Today when you talk about video games, nearly everyone knows what an MMO is, and most have tried one at some point, whether they ended up liking them or not. It’s hard to imagine that the term was only coined about 18 years ago.
On December 15, 1995, the game Meridian 59 was released in beta. It would take almost a year before the official commercial release, published by a company called 3DO. Meridian 59 was the first game that would fit into today’s genre of MMO. Its developers originally called it a Massively Multi-Player Role-Playing Game, or an MMPRPG. About the same time, a game called The Realm Online appeared, and a year later Ultima Online. Ultima Online would cement the idea of the MMO in the hearts and minds of gamers.
But let’s take the “way back” machine a little further. Those early MMOs were built off (and commonly lumped with) what people referred to as graphical MUDs. MUDs were Multi-User Dungeons and traditionally they were text based, but as computers improved, developers started including graphical elements in their games. Some of the more famous of these were Island of Kesmai (1985), Habitat (1986), and Neverwinter Nights (1991).
These MUDs were created by developers that wanted to fuse digital games with the popular pen and paper games of the time. Many of the most successful MUDs were based on modules from Dungeons and Dragons. Developers built digital versions of the rich role-playing campaigns they enjoyed on paper.
One of these games was called Sojourn (1993), set in the Forgotten Realms of Dungeons and Dragons. At its height, there would be over 400 players online at once in the game, making it hugely popular. (For comparison, games like World of Warcraft and World of Tanks have reported over a million concurrent users in the last few years.) One of these Sojourn players, a programmer by the name of Brad McQuaid, would take what he loved from MUDs and go on to help create EverQuest.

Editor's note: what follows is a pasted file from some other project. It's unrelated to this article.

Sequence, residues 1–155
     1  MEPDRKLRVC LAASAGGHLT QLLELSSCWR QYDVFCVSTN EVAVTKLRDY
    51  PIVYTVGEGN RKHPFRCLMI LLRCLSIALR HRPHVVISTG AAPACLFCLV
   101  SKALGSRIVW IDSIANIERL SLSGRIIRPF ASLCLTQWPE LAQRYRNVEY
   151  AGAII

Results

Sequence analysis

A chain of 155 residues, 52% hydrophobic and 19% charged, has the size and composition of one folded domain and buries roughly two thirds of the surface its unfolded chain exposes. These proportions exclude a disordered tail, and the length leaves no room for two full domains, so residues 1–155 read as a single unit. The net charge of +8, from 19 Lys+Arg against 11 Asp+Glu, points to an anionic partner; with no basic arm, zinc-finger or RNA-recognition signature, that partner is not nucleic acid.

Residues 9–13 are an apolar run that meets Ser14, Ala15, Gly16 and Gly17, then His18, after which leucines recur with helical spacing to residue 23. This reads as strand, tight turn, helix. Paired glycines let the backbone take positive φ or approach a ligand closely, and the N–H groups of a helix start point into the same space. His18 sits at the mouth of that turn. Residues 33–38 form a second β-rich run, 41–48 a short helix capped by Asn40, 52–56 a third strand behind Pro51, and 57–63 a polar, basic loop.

EverQuest first launched in March of 1999 and became an instant success. In less than a year it had overtaken its competitors in subscription sales, and continued to grow. Nearly 15 years later there have been 20 expansions to the original game, various offshoot games, and even novels (and graphic novels) set in the EverQuest universe.
Now there is a new generation of MMOs, improving on the genre just like the first MMOs improved on the graphical MUDs. The EverQuest world is set to evolve, and EverQuest Next is promising to become the future of MMOs. But is that future actually linked to the past?
When MUDs were first created, they were designed to be digital versions of pen and paper campaigns. The limited computing power and game engines crippled these games. While they may have been new and exciting at the time, they were still nothing compared to the power of a player’s imagination. Pen and paper gaming lived on alongside digital gaming.
The worlds of the “next gen” MMO are more vast, more detailed, and more alive than ever before. The AI of the games is as close to an intelligent Game Master as developers can get. The MMO genre is slowly closing the distance between the rich settings in our imaginations, and what we can experience on a computer screen.
So as we celebrate the amazing future of online gaming, let’s also give a nod to the character sheet and our set of polyhedral dice. Pen and paper games can still teach us a lot about what makes a great online game, about how to create a living world, and about a campaign that never ends.
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